In 1962, Lorde married Edward Rollins and has two children, Elizabeth and Jonathon, before divorcing in 1970. Although she marries, she comes out as a lesbian early on, and her longtime partner up until her death was Gloria Joseph. She discovers her lesbian identity prior to her marriage, beginning in college.

In 1954, while in college, she studies abroad at the National University of Mexico. This was a period of self discovery, renewal, and affirmation. She confirms her own identity, as a poet, woman of color, and a lesbian. Upon returning to New York to finish her degree, she immerses herself into the gay culture of Greenwich Village at the time.

As mentioned in class, Lorde often focused upon and wrote about the erotic. Below is a YouTube video of Lorde reading from her powerful essay “Uses of the Erotic: The Erotic as Power.”

Aside from poet and writer, Lorde was a professor of English at John Jay College of Criminal Justice and Hunter College. Later on in life, Lorde was diagnosed with cancer and chronicled her struggles in her first prose collection, The Cancer Journals. Before her death, she has an African naming ceremony where she takes the name Gambda Adisa, “Warrior: She Who Makes Her Meaning Known”. After a 14 year struggle, she dies of breast cancer in 1992.

She was the first to critique feminist movements and their focus on particular experiences and values of white, middle-class women. She particularly critiques the 1960s’ N.O.W. Lorde introduces the theory of difference to discuss these issues. This theory states that other characteristics, not just gender, are just as important (intersectionality). Differences must be acknowledged, not judged. Racism, homophobia, sexism are all linked and all come from inability to understand or recognize difference.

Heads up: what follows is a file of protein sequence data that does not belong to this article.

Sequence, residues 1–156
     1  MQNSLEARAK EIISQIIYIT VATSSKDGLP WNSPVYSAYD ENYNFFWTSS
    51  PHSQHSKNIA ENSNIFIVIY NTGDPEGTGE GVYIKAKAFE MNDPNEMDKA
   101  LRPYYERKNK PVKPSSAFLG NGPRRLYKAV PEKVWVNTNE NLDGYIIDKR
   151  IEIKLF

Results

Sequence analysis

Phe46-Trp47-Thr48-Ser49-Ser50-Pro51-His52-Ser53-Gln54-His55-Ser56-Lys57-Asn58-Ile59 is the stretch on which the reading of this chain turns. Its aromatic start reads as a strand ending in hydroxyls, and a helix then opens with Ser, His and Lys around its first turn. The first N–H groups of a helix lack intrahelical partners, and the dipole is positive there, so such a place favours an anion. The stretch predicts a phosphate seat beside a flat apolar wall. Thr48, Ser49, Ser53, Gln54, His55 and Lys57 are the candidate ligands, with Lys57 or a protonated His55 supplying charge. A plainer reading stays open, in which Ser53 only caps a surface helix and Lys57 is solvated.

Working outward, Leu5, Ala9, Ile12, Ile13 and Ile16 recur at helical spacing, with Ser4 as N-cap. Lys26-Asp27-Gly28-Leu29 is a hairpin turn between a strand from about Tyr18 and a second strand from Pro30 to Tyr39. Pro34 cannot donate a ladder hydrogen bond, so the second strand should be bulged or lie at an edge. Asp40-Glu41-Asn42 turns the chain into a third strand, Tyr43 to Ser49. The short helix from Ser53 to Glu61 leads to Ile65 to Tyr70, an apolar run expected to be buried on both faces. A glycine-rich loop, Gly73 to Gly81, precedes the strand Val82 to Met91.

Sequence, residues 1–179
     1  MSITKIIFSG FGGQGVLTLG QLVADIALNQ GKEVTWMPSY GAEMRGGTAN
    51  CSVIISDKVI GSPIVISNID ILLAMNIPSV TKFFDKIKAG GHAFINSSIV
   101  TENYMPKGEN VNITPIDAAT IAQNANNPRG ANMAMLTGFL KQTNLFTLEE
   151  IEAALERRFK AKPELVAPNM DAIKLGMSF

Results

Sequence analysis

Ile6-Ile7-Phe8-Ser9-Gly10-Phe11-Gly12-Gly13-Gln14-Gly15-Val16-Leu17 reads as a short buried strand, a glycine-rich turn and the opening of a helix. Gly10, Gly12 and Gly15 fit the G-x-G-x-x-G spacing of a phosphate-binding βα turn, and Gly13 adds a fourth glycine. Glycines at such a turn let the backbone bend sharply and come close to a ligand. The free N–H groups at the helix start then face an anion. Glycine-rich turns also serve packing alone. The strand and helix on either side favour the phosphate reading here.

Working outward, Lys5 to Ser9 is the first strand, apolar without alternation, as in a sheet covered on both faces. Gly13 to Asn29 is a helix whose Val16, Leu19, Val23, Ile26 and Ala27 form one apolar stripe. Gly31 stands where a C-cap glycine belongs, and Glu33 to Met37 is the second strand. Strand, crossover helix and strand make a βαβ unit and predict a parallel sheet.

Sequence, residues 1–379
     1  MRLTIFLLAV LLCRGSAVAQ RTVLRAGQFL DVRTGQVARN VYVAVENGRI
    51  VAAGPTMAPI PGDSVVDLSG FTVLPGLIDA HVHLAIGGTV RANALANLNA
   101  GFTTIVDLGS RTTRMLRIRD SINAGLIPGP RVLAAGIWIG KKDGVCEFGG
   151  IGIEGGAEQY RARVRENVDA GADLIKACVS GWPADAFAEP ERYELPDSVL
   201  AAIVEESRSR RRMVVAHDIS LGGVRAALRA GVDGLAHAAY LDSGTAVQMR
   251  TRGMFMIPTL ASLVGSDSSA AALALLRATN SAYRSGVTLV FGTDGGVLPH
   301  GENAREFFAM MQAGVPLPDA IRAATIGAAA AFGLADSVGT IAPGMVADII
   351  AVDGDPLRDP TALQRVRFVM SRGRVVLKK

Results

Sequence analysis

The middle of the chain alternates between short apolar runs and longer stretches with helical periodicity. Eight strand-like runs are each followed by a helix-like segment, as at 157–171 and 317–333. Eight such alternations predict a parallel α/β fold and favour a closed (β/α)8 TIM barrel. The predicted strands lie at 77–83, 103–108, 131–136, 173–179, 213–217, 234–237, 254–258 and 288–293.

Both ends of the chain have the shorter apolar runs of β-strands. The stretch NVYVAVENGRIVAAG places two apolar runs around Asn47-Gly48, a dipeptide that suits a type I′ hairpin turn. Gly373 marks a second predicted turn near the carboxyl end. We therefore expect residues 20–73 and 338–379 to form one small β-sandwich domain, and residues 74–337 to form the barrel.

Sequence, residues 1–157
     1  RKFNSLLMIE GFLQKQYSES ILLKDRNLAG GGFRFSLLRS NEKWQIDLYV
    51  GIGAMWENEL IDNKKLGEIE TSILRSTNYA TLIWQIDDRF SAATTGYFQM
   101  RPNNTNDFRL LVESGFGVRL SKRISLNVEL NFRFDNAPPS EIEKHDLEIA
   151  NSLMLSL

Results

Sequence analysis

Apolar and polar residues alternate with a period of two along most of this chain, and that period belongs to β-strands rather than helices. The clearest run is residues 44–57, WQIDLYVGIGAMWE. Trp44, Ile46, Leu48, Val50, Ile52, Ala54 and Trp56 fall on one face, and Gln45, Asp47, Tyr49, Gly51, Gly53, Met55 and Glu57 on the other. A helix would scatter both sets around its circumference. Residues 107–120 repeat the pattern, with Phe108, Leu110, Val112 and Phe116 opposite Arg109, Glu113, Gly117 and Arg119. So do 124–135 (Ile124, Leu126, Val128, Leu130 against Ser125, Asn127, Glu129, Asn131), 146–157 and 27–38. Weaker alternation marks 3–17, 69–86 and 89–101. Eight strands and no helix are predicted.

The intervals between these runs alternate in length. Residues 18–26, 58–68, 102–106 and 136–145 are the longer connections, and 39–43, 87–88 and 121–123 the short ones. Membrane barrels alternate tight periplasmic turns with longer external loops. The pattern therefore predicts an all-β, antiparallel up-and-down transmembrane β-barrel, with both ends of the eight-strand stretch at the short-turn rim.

It is not our differences that divide us. It is our inability to recognize, accept, and celebrate those differences. –Audre Lorde

In Lorde’s “The Master’s Tools Will Never Dismantle the Master’s House”, she eloquently calls out the underlying racism within the feminism movement at the time. She believes this feminism continues to propagate a dependence on the patriarchy. By denying difference, but not looking at intersectionality–although this term was yet to be applied at the time–within the category of women, these feminists were still supporting old systems of oppression. This is keeping any real change from happening, as the master’s tools will never dismantle the master’s house.

Lorde was aligning white middle-class feminists with white male slave-masters. Both are active oppressors. She also warns that by using current systems and institutions, no change will happen. Patriarchy and oppression are still part of the feminist movement because there was no consideration of difference. The current paradigms will not create a better one. Instead, it needs to be reworked, reconsidered, newly created and done differently.

This was a very provocative essay, and it created an uproar. People, especially the women she pointed out, were enraged. Rightly so.

Next Week: We will be covering Andrea Dworkin’s “Israel: Whose Country is it Anyway?” and Sandra Harding’s “Rethinking Standpoint Epistemology.” We will cover Sally Haslanger’s “Gender and Race.” in the future. Also, we will have Reading Response #3 handed out. See you Wednesday!